Police investigating animal rights threats used heavy-handed tactics against a lefty collective
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Previously sealed documents related to the Aug. 27 police raid at the Long Haul Infoshop in Berkeley now reveal what the UC Berkeley Police Department was after, even if questions remain about its tactics.
The Statement of Probable Cause refers to e-mail threats against UC Berkeley researchers made by animal rights activists, sent from Long Haul's IP address. Long Haul along with its tenants Slingshot, a quarterly newspaper supporting radical causes, East Bay Prisoner Support, and Berkeley Liberation Radio had several of its computers seized by an assortment of gun-wielding campus cops, Alameda County sheriff deputies, and federal agents who broke into the nonprofit locale, which has been providing office and meeting space for political and social justice groups since 1994.
During the raid, according to Kathryn Miller, one of the first Long Haul collective members to arrive on the scene, authorities wouldn't show anyone the warrant until they finished breaking open cabinets and nabbing CDs and hard drives in pursuit of evidence. Miller says she even offered to unlock cabinets for them provided they show her the warrant, but the cops still refused.
That warrant explained little about the reasons for the intrusion, other than to refer to the Statement of Probable Cause affidavit filed with the Superior Court and to grant permission to confiscate property that could show a felony had been committed. Immediately after the raid, Robert Bennett, a staff member of Slingshot, expressed his suspicion that the raid was a form of "collective punishment" against left-wing groups, especially considering his publication's support of the tree-sitters who have delayed a UC Berkeley construction project.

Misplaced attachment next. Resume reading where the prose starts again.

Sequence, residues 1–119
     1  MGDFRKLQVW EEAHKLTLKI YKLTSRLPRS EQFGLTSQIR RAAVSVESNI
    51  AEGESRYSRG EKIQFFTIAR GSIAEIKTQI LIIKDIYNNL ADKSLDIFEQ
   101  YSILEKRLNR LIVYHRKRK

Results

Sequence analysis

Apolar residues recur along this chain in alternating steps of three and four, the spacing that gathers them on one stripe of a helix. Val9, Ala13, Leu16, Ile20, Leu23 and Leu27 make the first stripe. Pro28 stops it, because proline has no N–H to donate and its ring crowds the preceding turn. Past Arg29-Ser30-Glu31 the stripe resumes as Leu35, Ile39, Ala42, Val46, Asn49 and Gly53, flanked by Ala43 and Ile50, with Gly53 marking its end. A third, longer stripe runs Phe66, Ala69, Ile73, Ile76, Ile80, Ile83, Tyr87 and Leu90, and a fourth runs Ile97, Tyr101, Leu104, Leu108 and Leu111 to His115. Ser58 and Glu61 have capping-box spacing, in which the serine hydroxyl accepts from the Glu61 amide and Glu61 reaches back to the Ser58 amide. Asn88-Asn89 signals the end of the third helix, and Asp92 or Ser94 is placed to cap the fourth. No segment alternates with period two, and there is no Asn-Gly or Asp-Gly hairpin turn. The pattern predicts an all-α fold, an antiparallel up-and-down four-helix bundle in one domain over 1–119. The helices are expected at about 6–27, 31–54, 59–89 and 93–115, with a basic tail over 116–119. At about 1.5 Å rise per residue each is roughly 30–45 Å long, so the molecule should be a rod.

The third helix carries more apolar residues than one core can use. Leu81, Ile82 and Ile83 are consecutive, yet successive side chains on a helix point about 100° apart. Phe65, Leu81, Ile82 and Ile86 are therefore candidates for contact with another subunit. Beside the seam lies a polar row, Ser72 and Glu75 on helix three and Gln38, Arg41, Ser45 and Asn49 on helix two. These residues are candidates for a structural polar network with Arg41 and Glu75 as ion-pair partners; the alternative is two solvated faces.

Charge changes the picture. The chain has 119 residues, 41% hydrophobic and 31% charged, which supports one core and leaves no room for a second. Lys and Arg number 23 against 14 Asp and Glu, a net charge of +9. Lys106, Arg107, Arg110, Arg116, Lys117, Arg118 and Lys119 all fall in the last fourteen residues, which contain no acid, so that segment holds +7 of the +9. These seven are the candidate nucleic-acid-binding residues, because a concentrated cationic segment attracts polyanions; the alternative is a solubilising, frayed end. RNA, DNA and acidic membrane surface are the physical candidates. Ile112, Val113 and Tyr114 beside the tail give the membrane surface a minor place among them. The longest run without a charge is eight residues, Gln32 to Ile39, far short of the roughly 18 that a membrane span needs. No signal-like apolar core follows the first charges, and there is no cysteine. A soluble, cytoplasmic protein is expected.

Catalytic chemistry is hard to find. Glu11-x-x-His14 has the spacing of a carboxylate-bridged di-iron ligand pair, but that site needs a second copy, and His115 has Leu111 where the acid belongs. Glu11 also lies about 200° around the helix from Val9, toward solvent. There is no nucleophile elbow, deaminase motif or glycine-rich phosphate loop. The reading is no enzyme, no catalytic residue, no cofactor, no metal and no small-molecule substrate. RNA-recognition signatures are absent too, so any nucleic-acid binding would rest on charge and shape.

Carlos Villareal, who is part of a team from the National Lawyers Guild that will be representing the besieged nonprofit pro bono, told the Guardian that Long Haul and its tenants have grounds to contest the search as unconstitutional under the Fourth Amendment.
"I'm pretty confident that we have a good argument that the search was overbroad and the tactics were heavy-handed. Searches need to be limited in both their scope and how they're done," he said.
Villareal didn't even see the affidavit until Heather Ishimaru, an ABC Channel 7 news reporter, brought it to Long Haul seeking comment. Ishimaru obtained the document by accident from the Wiley Manuel Courthouse in Oakland on Aug. 8 when a clerk in training provided it to her even though it was under protective seal. If not for that lapse in procedure, Long Haul's lawyers would have to petition a court to see the incriminating document.
The affidavit, written by Detective Bill Kasiske, details some alarming e-mails sent via free Internet e-mail accounts to a researcher at the university, like one demanding, "STOP TORTURING ANIMALS OR THINGS GET UGLY" or another that correctly stated the researcher's home address and said, "im a crazy fuck and im watching YOU."
Kasiske concludes, "A search of the Long Haul's premises could reveal logs or sign-in sheets indicating which patrons used the computers on particular dates." But he doesn't draw a distinction between computers open to the public and those strictly for the use of tenant organizations.
Even if the search is limited to the public-access computers, not much information can be gleaned from them. Much like at the local public library, anyone from the Unabomber and Osama bin Laden to an FBI agent can walk in and use the computers without logging on or leaving any trace of their identity.
It's unclear why Kasiske didn't research Long Haul's practices regarding patron use prior to filing the affidavit, and no one from UCBPD would respond to our calls for comment. Villareal, the legal spokesperson on the case, noted that, "there are less disruptive methods of law enforcement.... We don't think they would do something similar to a business, Internet café, or library."